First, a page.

Far East Film Festival diary: Day 9
Modern family drama Close-Knit lifts Golden Mulberry for Japan, while Hong Kong thriller Shock Wave brings down the curtain in Udine, Italy
Listening to …
… what the people say. Award winners here are decided upon by the audience at FEFF who are asked to rate each film on a scale from one to five. Past glory has been shared by films that have thrilled domestic audiences and then gone on to charm the world, including the Oscar-winning Departures and Twilight Samurai back in 2009.
On Saturday night it was the Naoko Ogaigami-directed Close-Knit that lifted the Golden Mulberry. The tale of a truly modern family (mainstream dad, transgender mom, kid working the whole thing out) charmed the audience and was a worthy winner.
Second place went the way of the bowling-themed South Korean production Split, from director Choi Kook-hei – think Rain Man meets King Pin and you’re halfway there – while third went to Canola, Korean director Chang’s touching drama about a lost daughter.
The awards were a reflection of the wildly diverse nature of a festival that strives to entertain – first and foremost – by focusing on genre films from Asia, many of which test the waters of an international audience here. Let’s see how Close-Knit goes as it makes its way around the world.
Thinking about …
… why small is beautiful. After nine days and nights of what must count among the most relaxed festivals on the circuit – yes, the food and the wine help – festival fringe-dwellers and the world at large might not fully realize what goes on behind the scenes at these boutique events. Many punch well above their weight, and FEFF is no exception.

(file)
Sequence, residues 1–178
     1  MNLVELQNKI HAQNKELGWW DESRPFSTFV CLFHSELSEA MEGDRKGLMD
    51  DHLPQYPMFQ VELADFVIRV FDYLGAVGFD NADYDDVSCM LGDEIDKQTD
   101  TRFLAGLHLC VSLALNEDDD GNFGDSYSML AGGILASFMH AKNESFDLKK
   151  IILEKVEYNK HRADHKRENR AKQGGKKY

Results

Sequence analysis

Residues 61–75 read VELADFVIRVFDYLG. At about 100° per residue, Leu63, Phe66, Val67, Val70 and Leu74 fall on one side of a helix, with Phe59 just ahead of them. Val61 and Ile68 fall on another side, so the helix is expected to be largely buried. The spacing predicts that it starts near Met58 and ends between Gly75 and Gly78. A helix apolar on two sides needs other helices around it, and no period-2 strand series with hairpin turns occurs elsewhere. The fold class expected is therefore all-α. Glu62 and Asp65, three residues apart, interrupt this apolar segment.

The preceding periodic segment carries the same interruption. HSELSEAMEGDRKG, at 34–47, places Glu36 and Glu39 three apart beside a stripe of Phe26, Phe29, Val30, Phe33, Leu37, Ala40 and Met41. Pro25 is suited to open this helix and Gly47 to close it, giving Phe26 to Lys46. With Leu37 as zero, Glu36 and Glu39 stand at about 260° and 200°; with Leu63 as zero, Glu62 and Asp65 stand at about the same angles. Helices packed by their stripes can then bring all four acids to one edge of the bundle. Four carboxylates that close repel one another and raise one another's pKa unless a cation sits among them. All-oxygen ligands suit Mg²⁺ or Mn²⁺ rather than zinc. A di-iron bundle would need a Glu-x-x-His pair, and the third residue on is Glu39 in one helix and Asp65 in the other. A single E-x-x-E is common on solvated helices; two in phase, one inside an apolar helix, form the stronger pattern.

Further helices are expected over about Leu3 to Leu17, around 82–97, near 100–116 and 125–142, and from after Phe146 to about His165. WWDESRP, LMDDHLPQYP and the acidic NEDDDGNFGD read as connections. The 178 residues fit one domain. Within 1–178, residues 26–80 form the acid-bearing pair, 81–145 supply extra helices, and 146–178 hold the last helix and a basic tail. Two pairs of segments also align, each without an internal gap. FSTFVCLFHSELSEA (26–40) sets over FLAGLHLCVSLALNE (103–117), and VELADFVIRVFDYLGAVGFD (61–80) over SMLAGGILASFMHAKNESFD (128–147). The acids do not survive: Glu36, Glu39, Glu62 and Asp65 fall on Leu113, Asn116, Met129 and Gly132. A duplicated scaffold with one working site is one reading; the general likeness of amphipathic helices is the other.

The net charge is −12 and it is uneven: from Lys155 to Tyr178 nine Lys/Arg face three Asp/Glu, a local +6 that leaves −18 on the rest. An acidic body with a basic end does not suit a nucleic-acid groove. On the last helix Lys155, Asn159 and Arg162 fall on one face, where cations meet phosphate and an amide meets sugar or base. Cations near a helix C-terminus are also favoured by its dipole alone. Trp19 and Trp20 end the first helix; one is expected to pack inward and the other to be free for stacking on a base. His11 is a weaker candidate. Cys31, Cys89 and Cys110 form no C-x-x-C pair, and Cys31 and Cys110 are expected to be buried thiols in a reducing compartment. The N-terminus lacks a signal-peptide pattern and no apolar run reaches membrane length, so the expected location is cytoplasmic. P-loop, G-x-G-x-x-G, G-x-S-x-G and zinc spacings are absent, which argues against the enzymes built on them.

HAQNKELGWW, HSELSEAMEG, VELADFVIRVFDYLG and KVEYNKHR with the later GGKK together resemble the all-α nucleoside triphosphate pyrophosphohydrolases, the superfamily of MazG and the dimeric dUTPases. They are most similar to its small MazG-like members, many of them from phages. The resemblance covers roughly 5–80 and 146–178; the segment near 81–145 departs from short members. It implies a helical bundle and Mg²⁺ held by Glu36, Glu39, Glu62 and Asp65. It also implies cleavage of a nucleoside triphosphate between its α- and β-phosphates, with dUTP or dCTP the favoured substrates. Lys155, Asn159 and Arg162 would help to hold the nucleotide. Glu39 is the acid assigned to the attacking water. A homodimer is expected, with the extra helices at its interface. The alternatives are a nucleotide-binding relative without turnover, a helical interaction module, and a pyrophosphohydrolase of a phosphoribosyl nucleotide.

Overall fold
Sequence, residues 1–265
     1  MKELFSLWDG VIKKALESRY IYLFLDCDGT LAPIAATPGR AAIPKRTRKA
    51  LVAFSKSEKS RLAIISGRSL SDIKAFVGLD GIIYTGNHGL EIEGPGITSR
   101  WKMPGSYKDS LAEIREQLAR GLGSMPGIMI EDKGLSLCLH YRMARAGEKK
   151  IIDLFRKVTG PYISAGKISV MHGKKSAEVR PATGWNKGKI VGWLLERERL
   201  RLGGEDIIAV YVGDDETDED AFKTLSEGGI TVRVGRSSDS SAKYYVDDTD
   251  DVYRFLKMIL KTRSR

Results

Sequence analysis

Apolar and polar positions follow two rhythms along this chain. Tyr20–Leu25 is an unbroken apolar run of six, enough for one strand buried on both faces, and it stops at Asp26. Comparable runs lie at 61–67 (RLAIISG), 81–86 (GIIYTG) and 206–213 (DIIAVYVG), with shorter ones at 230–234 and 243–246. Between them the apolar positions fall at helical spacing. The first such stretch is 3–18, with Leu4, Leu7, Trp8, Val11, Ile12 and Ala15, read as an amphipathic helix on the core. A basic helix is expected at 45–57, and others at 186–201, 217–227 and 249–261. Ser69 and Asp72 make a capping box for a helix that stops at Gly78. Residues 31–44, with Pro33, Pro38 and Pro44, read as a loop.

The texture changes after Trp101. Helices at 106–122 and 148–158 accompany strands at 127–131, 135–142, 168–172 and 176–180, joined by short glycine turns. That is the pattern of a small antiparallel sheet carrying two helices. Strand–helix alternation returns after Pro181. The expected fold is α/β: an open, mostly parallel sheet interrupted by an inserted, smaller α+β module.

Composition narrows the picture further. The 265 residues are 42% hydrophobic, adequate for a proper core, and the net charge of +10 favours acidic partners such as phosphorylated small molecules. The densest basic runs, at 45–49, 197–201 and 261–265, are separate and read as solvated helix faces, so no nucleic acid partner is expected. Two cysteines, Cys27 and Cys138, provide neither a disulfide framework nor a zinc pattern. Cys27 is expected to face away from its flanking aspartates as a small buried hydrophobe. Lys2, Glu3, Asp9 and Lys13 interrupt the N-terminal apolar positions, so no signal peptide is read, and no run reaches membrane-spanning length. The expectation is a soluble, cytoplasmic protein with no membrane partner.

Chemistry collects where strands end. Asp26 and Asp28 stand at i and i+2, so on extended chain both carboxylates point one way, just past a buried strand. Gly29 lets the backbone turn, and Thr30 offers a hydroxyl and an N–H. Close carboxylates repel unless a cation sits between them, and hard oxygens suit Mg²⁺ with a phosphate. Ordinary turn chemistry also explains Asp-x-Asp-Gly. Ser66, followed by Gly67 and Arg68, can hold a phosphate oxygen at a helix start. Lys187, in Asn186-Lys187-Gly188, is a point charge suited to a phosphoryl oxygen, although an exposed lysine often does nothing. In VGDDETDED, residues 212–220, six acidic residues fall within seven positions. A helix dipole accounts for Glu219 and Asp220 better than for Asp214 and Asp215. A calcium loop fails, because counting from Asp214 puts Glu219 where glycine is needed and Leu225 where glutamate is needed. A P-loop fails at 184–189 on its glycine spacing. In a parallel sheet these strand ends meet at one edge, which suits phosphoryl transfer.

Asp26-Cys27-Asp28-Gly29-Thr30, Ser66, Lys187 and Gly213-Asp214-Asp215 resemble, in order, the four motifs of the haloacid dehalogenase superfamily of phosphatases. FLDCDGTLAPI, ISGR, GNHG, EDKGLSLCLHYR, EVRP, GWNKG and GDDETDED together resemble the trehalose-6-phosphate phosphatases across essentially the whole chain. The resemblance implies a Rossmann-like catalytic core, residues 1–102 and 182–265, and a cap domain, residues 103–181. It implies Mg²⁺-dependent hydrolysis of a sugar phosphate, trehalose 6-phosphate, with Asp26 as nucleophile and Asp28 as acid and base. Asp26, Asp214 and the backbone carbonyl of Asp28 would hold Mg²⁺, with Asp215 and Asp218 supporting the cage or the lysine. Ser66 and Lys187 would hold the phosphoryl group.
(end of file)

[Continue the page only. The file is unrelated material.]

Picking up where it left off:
Eyebrows were raised when a festival that started out as an audience-driven event decided to test the waters by establishing a more industry-based market two years ago. That two possible productions presented at the second edition of FEFF’s Focus Asia market – Abracadabra by Faozan Rizal (Indonesia) and The Long Walk by Mattie Do (Laos) – secured the financing here shows the value to both the creatives and the money men of casting their net as wide as possible.
And then there’s the positive power of taking yourself out of your comfort zone. South Korean director Cho Ui-seok told the audience on closing night how the quiet time spent in Udine – when he was in Italy with the thriller Cold Eyes back in 2013 – had got him thinking about the lay of the land back home. Those thoughts and reflections eventually became the thriller Master, which has done a cool US$50 million at the domestic box office.
… local issues writ large. On the barren rock that calls itself Hong Kong there is much debate these days about the notion of identity. But can there be a more “local” filmmaker than Herman Yau, who’s thriller Shock Wave closed the festival. Yau is old school Hong Kong in his aesthetic and in his framing that sets this film against distinctly domestic themes – subject matter you might think no one in the world cares about, such as the disdain for a government initiative that sees a massive disparity in cross-harbor tunnel tolls.
That he can do this successfully – pandering to his home town first and foremost – and still give the world at large a taste of madcap, manic Hong Kong-style cinema is a credit to this FEFF favorite. For the record, the film sees superstar Andy Lau play a bomb disposal cop whose past catches up with him, and who is drawn into a final confrontation within the bowels of the (cheaper) tunnel that links Hong Kong island with the rest of the city.
… a real slice of Italy. It took us long enough in our exploration of food porn to present that most Italian of dishes, but Barbra Sorger has been here as part of the FEFF Campus for young journalists that Asia Times has supported, and she can explain the rest. “Having been in Italy for over a week, it was finally time for authentic Italian pizza. Pictured is a Margherita from Pizzeria al Quadrifoglio, just around the corner from Teatro Nuovo.”